This is new construction. I already double insulated the exterior daylight walls.

    1" rigid foam against the forms when poured and another layer just inside the wall base in an "L" shape extending 2-3' under the slab.

    Carpet would work but I'm not a fan of carpet in a basement in case of water. Hardwood would work but again, I'm not a fan of that solution for the whole space either.

    Tile would be the best option and the Wedi insulating underlayment is the kind of solution I was looking for but damn, $2.66 a square foot + labor & materials to install. I found a cork underlayment that's a bit less expensive here.

    The idel solution would be insulative thinset at a resonable cost. Is ther such a thing?

    Heating the floor as an option went out the window when my hot water radiant heating dream died. Electric radiant, maybe for a bathroom but 2500 sq foot, fagaddaboudit.

    It's looking like a combination of carpet/eng hardwood and shoes!

    John
    Last edited by John_NC; 12-20-2006 at 08:49 AM.

  6. #6
    Rancher
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    Default

    Quote Originally Posted by John_NC
    Heating the floor as an option went out the window when my hot water radiant heating dream died. Electric radiant, maybe for a bathroom but 2500 sq foot,
    Why did your hydronic floor heating go bye bye, you'll regret that decision.

  7. #7
    Homeowner geniescience's Avatar
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    Default cork is good. Very good.

    cork designed to be a membrane under tiles is very good, and cheaper than Wedi. I have used both, cork and Wedi. Both are good at heat insulation. Very good.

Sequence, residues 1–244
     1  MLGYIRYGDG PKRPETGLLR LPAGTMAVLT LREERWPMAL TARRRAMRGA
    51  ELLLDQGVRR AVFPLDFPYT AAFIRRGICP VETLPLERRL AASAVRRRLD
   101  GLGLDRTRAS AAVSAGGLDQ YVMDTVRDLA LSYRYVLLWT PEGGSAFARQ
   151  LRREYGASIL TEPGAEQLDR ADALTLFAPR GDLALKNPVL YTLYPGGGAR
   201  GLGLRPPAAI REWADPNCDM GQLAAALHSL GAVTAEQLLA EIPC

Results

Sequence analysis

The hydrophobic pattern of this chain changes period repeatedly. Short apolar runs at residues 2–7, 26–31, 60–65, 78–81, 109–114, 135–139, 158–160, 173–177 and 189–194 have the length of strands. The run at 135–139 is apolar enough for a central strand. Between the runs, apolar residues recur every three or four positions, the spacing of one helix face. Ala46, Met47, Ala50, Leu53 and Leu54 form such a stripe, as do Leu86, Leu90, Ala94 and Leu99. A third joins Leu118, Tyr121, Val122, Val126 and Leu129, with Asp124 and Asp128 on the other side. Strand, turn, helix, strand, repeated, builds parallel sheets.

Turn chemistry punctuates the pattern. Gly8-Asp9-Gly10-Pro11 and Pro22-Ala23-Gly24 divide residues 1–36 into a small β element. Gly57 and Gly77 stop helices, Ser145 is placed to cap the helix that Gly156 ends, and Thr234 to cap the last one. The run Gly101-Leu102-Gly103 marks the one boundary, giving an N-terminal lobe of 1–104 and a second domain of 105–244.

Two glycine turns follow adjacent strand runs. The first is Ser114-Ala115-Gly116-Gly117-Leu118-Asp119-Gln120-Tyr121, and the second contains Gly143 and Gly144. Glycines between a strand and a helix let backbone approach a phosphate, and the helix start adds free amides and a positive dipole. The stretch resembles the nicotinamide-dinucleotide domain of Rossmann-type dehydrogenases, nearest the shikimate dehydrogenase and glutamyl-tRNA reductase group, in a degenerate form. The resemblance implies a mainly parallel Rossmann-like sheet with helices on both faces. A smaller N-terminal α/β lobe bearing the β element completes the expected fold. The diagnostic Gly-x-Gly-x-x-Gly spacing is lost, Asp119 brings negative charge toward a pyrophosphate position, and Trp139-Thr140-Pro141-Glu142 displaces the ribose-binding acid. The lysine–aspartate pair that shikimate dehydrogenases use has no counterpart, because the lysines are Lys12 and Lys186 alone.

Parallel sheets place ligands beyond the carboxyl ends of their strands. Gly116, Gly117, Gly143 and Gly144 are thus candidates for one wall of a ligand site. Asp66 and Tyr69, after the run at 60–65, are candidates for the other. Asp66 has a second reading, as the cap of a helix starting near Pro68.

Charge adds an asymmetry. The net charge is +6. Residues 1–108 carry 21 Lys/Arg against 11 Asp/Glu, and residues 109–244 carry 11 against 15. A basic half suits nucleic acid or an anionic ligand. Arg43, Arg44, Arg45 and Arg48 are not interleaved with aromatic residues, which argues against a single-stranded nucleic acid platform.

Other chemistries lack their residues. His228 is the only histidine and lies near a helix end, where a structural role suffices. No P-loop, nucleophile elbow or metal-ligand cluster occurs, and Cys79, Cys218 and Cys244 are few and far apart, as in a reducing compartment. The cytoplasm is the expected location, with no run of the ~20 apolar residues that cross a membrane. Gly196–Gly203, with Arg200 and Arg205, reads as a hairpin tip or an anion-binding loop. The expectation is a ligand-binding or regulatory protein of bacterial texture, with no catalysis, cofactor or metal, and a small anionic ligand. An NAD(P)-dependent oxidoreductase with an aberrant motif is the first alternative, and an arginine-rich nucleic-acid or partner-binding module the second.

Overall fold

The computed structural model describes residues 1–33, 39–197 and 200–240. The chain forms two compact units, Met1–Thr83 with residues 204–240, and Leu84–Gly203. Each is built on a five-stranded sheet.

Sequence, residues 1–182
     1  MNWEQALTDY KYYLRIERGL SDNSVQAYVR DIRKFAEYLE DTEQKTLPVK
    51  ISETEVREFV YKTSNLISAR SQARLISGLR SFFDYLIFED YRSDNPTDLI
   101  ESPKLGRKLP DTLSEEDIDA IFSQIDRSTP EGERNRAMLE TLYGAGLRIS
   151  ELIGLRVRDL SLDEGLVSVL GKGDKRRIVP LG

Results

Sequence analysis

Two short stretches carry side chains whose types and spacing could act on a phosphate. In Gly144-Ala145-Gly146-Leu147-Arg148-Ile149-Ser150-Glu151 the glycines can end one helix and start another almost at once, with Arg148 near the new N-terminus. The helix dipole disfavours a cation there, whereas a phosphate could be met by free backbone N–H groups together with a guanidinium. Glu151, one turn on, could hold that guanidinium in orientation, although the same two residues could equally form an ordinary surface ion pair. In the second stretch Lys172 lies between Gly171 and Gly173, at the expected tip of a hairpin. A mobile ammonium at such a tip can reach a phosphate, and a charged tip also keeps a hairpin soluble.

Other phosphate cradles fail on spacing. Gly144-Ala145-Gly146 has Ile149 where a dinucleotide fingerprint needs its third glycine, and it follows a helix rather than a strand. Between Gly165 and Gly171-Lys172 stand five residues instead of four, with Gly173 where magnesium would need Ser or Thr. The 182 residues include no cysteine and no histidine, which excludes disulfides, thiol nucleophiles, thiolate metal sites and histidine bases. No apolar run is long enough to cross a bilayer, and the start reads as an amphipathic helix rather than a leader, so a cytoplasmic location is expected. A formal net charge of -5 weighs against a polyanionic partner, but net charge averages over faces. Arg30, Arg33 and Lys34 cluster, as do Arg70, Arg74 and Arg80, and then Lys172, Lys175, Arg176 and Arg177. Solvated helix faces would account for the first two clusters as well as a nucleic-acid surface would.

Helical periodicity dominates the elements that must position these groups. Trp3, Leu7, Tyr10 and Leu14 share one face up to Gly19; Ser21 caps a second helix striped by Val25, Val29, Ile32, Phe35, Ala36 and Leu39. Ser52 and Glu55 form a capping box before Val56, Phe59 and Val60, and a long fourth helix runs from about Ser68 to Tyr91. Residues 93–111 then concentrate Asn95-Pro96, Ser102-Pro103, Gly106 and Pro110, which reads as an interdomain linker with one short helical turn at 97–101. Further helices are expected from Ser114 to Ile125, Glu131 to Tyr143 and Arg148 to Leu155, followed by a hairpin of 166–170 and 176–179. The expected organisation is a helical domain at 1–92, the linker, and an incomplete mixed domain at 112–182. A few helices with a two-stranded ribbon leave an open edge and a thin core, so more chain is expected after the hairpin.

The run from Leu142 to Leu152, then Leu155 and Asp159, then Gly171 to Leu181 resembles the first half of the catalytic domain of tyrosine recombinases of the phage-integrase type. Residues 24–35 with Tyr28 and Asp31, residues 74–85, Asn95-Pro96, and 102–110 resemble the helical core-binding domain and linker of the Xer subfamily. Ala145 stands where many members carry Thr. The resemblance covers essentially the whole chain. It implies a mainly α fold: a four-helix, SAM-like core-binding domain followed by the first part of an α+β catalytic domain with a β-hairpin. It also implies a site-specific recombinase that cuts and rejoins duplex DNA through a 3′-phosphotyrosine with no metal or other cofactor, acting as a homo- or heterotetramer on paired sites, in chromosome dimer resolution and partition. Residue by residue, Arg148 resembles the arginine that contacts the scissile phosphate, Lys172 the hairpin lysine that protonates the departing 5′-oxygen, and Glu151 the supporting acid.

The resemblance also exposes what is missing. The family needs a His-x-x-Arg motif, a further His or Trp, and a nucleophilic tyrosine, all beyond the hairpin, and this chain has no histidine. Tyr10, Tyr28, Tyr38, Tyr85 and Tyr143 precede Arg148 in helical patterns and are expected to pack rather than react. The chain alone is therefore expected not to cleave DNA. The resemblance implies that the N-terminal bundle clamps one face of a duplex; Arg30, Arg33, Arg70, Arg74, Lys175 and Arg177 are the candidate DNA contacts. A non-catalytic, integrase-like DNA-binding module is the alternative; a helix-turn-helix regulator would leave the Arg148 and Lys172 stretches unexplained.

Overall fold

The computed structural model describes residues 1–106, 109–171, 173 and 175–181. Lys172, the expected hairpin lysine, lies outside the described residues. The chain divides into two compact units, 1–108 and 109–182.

Electric cables could be good. How about just a few sq feet near the outside walls and doors? That will lower cost by 80%.

    david

  8. #8

    Default Radiant heat in the slab

    Would have loved it, cost was too much, tight budget.

    I did splurge on the insulation though, did spray foam type.

    John

  9. #9

    Default

    Even against advice of others...after all of my reading... I wouldn't build a new house without radiant floor heat even if it meant letting something else suffer. That's some good stuff.

  10. #10

    Default

    I have used electric in floor heat by "Warmly Yours".

    In my case I used "Wedi" board, which is an insulated board available in various thicknesses. On top of that I placed the electric heat elements in a leveling compound. In my cases I used tile above that, but you could also use carpet.

    If used with a floor sensing thermostat, the cost of operation is kept rather low. Our tile takes less than an hour to heat up. Very pleased with the results.

  11. #11
    In the Trades Bob NH's Avatar
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    Default